What am I going to be doing this Celebrate Bisexuality Day? I'll be celebrating with members and allies of Columbus, Ohio's bi community. We'll be eating, drinking, dancing, and generally having a blast all weekend long. Few people know it, but this Midwestern "cowtown" is home to a huge and diverse population of queers. This day offers a time to reflect on all the brave and fierce people I love who love more than one gender. I'll be thinking about the pansexuals who love roller derby, the bisexuals who have provided me with advice on navigating non-monogamy, the monogamous queers who are deeply commited to each other and whose love is inspiring to those around them. I'll be thinking about the fledgling student organization that I, with the help of several other dreamers, started at our local university for all of us who are attracted to more than one gender and our allies. I'm so excited to see our dream, having taken root, really start to blossom. I hope to see it continue to flourish. Our community-based group is growing, too. We are supporting each other, networking, making friends, and educating our city.

But life's not all great over here in bi-land. Along with the great things mentioned above, I'll also be thinking about how I remarked at a recent community meeting that it's 2010 and sometimes it feels like we are fighting the same battles over and over again. We continue to remain frighteningly invisible when the topic turns to "LGBT" issues in the media or scientific research or, hell, in mainstream gay organizing. On this day, I'll be keeping in mind the people I've talked to so far in my queer organizing work who can't come out, still, for fear of their parents - or children. Unfortunately, we continue to face hatred not only from our straight friends but from our gay and lesbian ones as well. I'll be thinking about how people who love more than one gender are still being scapegoated as disease-spreaders, as fence-sitters, as barsexuals, and worse. I could go on. Furthermore, my perception of where we stand as a community is deeply colored by my location. In other countries, we are still being put to death. Amir Hossein's supposed heterosexual privilege didn't protect him from government-sanctioned murder.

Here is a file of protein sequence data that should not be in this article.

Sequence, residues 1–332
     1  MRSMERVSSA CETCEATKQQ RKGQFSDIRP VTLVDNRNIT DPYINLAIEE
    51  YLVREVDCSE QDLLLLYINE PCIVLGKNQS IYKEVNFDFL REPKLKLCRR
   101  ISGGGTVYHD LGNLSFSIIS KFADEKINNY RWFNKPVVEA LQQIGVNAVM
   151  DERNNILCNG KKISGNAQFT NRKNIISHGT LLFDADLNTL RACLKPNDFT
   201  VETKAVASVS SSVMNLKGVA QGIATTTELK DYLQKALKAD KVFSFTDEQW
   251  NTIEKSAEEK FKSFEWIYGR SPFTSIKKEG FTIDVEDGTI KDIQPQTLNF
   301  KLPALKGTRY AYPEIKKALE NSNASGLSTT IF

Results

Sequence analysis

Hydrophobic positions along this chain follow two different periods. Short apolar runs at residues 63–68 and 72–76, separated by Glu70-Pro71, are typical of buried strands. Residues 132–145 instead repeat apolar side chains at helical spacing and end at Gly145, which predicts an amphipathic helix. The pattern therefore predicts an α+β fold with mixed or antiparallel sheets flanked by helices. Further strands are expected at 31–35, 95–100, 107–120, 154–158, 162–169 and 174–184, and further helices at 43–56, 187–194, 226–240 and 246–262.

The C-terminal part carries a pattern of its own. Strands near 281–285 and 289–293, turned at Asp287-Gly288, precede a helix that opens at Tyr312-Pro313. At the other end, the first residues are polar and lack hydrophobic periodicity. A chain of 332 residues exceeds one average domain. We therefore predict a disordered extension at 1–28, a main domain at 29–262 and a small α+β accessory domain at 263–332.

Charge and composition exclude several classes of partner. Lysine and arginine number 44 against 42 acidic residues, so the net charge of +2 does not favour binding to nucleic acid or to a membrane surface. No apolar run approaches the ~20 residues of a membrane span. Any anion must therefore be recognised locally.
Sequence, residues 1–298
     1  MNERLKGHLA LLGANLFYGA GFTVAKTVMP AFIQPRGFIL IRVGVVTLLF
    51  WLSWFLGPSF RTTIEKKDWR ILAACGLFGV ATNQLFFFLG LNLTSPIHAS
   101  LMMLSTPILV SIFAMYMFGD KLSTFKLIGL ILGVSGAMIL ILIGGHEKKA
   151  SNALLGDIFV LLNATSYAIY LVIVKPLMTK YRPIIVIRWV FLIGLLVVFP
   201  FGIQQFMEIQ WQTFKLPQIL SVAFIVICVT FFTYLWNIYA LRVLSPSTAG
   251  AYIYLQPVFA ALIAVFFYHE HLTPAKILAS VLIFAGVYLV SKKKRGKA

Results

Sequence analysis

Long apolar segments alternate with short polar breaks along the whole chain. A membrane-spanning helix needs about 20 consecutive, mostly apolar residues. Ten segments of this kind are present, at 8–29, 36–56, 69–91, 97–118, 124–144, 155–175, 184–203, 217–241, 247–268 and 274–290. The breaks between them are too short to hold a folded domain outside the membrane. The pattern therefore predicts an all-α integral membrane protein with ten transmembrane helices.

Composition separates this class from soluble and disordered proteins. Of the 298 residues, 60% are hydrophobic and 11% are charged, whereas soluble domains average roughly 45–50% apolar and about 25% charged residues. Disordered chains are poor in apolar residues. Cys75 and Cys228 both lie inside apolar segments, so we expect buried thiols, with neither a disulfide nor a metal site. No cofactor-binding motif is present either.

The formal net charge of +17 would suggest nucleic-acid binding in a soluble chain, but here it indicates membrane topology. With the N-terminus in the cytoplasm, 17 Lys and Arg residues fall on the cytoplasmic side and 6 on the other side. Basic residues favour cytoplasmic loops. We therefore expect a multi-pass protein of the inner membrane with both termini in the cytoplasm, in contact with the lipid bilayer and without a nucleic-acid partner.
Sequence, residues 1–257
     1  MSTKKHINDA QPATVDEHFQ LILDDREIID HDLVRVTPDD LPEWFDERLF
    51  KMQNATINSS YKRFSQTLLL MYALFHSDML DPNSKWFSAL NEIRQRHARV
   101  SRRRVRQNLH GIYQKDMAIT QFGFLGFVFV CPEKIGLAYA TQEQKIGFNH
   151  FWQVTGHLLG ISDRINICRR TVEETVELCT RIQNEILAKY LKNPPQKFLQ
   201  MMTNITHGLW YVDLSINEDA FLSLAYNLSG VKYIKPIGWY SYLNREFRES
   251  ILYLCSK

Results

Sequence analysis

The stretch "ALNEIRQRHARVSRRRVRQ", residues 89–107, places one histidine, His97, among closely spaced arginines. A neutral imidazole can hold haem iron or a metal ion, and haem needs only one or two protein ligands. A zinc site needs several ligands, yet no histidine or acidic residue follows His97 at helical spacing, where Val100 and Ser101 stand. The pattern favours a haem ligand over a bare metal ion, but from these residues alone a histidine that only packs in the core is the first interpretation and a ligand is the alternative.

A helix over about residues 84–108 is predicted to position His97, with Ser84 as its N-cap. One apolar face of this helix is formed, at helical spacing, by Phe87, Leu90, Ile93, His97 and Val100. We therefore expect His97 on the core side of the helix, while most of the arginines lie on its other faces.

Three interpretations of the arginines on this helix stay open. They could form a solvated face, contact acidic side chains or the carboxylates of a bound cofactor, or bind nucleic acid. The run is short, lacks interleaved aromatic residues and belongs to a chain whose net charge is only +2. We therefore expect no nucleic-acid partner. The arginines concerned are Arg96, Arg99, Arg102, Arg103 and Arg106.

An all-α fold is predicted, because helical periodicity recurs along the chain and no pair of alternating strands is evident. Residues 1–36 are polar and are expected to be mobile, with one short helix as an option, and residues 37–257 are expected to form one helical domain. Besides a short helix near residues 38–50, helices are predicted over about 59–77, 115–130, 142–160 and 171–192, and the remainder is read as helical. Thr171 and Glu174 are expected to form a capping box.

In the spirit of celebration and recognition, it's important to remember that despite having our work cut out for us, we have still come a long way. This day is a great time to remind ourselves of the famous people who have come out in the past few years as bi/pan/queer, increasing visibility internationally. It's also a great time to check out media projects by fellow bisexuals - like FenceSitter Films - that are working to change the rhetoric. Finally, it's a great time to brush up on our history. I'll be thinking about all my heroes, the people who came out as bi back when GLBT wasn't even an acronym, and how that period wasn't as long ago as it may seem to the younger generation. I'll be thinking about all the ones we lost to HIV/AIDS before we could even get Reagan to utter its name. I'll be picking up my copies of Bi Any Other Name and Getting Bi so I can once again study where we've been, how far we've actually come. We might not have this holiday at all if you hadn't been there to start it in the first place, and for that we are so grateful. My feet might not be dancing if it weren't for you. Thank you.